Dissertation/Thesis Abstract

Homeless young adults caring for their health
by Wolf, Sherry L., M.S., University of Alaska Anchorage, 2014, 92; 1555745
Abstract (Summary)

In this qualitative descriptive study seven homeless young adults in a northern town in Alaska were interviewed for the purpose of finding out how they cared for their health. The common barriers experienced by the participants in caring for their health were identified as hunger, absence of shelter, inattention to health, and the act of asking for help. Common facilitators described by the participants were access to food, resources, support system, and goals. Based on the findings nurses understanding the effects of hunger, lack of sleep, lack of support, and the stress of being homeless will be better able to assess the needs of homeless young adults. Findings support increased knowledge of resources in the community of practice and the culture associated with homelessness to facilitate the young homeless adults' health care and support them in their endeavors to secure a better future. Building a relationship with resource agencies within the nurse's community will enable the nurse to seek the assistance homeless young adults require for meeting their basic needs.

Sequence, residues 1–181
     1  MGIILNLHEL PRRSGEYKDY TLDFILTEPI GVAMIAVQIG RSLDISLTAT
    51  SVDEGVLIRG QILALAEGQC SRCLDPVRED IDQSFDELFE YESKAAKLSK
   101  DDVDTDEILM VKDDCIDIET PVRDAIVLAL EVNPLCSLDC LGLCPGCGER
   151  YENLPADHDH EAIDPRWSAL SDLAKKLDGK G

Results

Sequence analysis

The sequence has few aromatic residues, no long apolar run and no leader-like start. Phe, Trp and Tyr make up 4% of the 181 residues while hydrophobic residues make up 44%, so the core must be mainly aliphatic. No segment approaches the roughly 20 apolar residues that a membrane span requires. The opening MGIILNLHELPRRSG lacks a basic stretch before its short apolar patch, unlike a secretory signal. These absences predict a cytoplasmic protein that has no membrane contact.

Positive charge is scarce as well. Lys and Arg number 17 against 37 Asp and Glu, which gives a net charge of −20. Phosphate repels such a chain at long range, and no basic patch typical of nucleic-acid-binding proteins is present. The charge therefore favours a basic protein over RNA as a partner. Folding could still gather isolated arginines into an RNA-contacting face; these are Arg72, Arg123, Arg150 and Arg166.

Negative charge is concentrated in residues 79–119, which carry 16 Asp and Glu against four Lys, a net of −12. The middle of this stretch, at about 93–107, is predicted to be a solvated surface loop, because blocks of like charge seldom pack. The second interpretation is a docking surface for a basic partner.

Indexing (document details)
Advisor: Toscano, Sharyl E.
Commitee: Klamser, Carol, Predeger, Elizabeth, Sullivan, Catherine
School: University of Alaska Anchorage
Department: Nursing Science
School Location: United States -- Alaska
Source: MAI 52/06M(E), Masters Abstracts International
Subjects: Social research, Nursing, Public health
Keywords: Access to food, Access to shelter, Caring for health, Health, Homeless, Young adults
Publication Number: 1555745
ISBN: 978-1-303-88873-1
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